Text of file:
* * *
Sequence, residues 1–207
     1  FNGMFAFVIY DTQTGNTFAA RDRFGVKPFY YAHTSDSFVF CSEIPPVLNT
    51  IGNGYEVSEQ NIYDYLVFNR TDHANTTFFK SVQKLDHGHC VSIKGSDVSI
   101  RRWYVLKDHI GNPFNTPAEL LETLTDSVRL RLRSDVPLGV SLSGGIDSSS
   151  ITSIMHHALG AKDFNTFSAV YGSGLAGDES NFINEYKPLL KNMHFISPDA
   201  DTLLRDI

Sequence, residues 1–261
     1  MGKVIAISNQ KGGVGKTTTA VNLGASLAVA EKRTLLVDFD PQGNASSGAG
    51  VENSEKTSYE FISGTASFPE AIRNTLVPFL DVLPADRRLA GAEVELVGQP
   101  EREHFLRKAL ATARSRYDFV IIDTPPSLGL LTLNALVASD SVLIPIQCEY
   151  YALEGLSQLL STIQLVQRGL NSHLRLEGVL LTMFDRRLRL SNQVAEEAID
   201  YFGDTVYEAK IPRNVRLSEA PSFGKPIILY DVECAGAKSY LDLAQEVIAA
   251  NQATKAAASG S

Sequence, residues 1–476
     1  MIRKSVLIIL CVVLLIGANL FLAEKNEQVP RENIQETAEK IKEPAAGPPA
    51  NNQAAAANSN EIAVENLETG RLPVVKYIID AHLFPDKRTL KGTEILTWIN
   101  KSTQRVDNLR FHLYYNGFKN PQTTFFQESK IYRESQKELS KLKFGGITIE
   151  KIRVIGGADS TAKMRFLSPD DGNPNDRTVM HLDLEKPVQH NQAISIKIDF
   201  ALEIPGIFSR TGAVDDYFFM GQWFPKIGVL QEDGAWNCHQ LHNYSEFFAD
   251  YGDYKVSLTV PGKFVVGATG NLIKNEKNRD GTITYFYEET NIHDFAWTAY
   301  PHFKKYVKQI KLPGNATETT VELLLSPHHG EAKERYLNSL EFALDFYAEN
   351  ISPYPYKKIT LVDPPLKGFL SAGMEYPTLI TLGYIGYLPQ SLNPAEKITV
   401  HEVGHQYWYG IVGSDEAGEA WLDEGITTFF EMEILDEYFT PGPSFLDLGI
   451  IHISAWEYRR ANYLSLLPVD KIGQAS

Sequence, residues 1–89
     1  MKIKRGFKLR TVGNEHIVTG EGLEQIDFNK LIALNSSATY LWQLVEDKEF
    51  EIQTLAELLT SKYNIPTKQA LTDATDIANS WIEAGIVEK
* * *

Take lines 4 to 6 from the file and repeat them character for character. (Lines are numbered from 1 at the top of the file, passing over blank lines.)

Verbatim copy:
   101  RRWYVLKDHI GNPFNTPAEL LETLTDSVRL RLRSDVPLGV SLSGGIDSSS
   151  ITSIMHHALG AKDFNTFSAV YGSGLAGDES NFINEYKPLL KNMHFISPDA
   201  DTLLRDI